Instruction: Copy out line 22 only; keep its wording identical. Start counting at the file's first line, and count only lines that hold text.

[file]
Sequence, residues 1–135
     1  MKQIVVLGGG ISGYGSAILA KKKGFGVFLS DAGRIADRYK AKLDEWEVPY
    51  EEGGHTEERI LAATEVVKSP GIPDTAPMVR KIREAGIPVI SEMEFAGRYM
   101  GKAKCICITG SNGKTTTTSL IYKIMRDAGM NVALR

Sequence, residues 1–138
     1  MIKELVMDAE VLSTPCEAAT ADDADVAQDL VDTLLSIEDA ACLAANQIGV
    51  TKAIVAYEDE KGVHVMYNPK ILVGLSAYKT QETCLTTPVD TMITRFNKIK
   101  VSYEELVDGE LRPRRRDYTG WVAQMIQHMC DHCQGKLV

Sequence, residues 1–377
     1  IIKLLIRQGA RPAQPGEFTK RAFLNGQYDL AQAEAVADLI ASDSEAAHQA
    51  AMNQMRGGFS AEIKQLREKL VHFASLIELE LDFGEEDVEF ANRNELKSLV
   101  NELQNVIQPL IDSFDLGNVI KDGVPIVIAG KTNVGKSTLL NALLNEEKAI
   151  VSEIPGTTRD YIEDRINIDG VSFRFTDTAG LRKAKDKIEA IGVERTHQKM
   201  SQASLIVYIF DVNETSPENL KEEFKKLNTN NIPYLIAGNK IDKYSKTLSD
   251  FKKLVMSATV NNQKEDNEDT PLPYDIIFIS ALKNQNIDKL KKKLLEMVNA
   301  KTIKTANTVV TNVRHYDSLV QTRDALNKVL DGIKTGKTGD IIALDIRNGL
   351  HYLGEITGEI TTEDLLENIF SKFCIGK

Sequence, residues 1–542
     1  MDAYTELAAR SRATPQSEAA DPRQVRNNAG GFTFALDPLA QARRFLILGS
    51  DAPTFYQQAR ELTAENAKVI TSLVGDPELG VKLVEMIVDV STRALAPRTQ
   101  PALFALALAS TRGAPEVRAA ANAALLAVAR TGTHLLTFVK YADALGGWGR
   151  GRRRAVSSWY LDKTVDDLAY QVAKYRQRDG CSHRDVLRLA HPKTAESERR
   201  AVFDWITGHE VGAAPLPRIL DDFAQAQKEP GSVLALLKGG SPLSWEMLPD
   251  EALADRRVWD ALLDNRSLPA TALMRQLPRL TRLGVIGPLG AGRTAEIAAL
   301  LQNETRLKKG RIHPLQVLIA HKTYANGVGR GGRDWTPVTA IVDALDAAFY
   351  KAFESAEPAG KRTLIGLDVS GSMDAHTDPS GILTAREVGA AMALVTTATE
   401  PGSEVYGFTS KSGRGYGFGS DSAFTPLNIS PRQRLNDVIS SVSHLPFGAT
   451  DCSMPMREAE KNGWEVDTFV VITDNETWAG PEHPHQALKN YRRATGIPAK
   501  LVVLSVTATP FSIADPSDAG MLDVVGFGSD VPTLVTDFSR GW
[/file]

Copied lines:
   151  GRRRAVSSWY LDKTVDDLAY QVAKYRQRDG CSHRDVLRLA HPKTAESERR